These stunning golden bananas may make you feel differently about GMOs.

Imagine you're eating a banana.

Photo from Jewel Samad/AFP/Getty Images.

As you start to strip away the yellow peel, you notice that the inside seems different. Instead of the banana's flesh being a pale cream color, it's a rich golden-orange.


Would you eat that?

Because that's what scientists from Queensland University of Technology in Australia have created using genetic modification. And these golden bananas aren't just for show. They could save hundreds of thousands of kids a year from going blind, or even dying.

In the United States, bananas are smoothie ingredients and breakfast toppings. But in some parts of the world, they're as essential as bread.

Photo by Jean-Yves Paul/Flickr.

Bananas are one of the world's staple crops. In West Africa, they're as important to the local diet as rice is to East Asia or potatoes were to the Irish. In parts of Uganda, the typical diet includes more than two pounds of bananas a day.

But no single food has all the vitamins and minerals a person needs to live, and without a varied diet, you can get sick. For bananas and the people who depend on them, it's vitamin A that's the problem — there isn't enough in the fruit.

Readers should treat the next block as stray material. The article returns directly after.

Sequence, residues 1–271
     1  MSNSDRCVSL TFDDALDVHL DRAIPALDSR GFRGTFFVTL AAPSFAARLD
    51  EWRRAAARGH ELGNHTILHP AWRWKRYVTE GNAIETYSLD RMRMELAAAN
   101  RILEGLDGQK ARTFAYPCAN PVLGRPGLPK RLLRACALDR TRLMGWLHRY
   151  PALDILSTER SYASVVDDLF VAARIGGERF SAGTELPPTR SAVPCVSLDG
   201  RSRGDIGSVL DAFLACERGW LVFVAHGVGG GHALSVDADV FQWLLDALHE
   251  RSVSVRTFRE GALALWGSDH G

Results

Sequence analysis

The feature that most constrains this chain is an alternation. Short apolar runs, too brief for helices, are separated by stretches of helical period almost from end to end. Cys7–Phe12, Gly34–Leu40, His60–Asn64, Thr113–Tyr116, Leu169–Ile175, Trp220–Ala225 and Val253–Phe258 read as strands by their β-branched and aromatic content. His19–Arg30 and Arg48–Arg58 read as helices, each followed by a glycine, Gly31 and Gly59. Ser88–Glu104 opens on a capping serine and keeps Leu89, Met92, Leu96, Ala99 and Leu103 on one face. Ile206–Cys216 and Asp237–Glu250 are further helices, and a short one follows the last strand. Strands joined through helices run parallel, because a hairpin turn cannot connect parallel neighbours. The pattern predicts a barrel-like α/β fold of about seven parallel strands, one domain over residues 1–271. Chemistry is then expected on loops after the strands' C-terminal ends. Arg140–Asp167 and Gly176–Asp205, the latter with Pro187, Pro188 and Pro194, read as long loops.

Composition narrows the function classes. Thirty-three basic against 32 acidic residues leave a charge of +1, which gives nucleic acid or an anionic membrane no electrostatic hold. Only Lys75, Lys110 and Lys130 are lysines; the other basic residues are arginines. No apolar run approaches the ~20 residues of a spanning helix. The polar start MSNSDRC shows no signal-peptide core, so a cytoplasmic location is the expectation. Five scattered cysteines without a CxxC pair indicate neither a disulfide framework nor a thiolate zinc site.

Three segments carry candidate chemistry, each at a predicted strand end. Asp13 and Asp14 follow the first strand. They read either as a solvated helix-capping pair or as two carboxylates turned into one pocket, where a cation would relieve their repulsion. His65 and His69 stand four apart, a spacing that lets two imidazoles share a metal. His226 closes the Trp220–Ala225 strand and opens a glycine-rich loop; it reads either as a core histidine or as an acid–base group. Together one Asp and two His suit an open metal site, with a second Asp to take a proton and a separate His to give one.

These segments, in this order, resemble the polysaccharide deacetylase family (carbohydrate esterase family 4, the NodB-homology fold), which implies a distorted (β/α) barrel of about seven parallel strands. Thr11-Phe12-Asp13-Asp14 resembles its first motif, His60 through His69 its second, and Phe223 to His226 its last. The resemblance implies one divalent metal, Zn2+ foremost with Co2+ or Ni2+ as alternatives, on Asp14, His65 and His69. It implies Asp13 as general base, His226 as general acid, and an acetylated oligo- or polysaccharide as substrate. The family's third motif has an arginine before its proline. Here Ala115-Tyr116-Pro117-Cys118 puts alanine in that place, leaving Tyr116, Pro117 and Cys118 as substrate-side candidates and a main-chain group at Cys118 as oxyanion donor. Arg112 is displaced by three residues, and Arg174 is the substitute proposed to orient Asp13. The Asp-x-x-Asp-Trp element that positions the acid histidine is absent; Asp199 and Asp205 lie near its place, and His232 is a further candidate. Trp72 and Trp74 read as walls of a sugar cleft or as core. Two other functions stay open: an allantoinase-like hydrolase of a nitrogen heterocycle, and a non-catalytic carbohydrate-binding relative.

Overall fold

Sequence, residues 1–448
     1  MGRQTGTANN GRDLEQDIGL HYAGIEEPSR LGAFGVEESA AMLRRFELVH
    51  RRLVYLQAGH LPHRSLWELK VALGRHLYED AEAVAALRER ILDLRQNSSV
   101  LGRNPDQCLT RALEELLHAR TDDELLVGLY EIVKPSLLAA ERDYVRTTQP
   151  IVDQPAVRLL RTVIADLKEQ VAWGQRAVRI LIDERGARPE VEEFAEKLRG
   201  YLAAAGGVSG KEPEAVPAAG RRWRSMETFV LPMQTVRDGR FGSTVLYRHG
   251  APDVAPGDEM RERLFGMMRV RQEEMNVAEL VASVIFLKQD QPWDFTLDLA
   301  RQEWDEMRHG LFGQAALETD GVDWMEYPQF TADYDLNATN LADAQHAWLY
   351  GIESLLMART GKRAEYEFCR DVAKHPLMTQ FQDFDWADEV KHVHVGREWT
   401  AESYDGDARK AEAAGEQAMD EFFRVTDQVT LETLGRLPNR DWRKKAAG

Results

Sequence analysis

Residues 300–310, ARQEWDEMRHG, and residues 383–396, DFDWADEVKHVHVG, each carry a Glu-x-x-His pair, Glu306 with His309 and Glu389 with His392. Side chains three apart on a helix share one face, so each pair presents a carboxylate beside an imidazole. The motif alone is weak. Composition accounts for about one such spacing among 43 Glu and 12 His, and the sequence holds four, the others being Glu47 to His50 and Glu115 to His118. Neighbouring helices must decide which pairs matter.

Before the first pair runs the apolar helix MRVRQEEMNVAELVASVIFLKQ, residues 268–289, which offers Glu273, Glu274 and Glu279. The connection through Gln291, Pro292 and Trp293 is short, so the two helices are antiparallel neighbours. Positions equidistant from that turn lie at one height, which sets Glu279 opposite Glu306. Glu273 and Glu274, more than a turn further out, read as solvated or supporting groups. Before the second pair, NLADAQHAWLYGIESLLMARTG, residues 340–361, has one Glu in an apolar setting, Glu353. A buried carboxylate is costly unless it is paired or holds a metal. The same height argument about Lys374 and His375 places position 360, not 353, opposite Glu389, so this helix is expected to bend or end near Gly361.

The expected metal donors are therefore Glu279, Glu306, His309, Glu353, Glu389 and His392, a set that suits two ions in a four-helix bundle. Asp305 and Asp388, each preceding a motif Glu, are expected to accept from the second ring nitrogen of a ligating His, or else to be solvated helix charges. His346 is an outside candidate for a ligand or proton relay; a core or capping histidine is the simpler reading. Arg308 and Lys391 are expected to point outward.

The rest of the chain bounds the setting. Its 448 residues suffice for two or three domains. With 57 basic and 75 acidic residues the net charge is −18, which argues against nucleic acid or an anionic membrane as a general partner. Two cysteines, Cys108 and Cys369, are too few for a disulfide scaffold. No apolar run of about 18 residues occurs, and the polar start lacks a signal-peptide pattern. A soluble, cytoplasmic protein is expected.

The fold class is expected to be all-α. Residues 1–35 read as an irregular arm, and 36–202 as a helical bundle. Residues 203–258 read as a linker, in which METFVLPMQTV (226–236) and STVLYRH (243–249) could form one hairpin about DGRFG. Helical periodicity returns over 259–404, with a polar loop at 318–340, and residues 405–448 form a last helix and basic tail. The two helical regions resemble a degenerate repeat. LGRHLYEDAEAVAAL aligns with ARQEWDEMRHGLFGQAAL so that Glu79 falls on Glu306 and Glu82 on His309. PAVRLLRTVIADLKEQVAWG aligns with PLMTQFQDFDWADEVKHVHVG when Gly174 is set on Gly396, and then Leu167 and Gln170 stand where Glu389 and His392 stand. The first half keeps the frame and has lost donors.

Not getting enough vitamin A is a big deal, especially for children. It can weaken the immune system and stunt growth, and it's the leading cause of preventable childhood blindness in the world. Of the preschool-age children who die every year in Africa, about 6% die of not getting enough vitamin A.

The obvious answer would be to eat a more varied diet, but fresh fruits and meat can be costly, and many low-income farmers don't have the money.

But now scientists might have an easy way to add that oh-so-crucial vitamin into any banana they please.

Not all bananas lack vitamin A, but the ones they eat in Uganda do. You could try to crossbreed them with a vitamin-rich variety, but unfortunately, that wouldn't work. Domesticated bananas are sterile.

So scientists used genetic modification. Using genes from a vitamin-A-rich (but hard-to-grow) strain called Fe'i, QUT professor James Dale and his team loaded commercially viable banana seedlings with beta-carotene, a source of vitamin A.

Photo by Jean-Yves Paul/Flickr.

It took some experimenting, but they were able to up the beta-carotene content in the fruit by more than 30 times — hopefully, enough to stave off vitamin A deficiency.

As an interesting side effect, the banana's flesh ended up turning a rich, golden yellow.

Beta-carotene isn't just a source of vitamin A. It's also a naturally occurring bright orange pigment. (It's responsible for giving carrots their color.)

As for taste, Dale says it was unaffected.

Photo by Jean-Yves Paul/Flickr.

This particular project was just a proof of concept, but Dale and his colleagues have now given the technology to local Ugandan scientists, who'll start experimenting with Ugandan banana plants.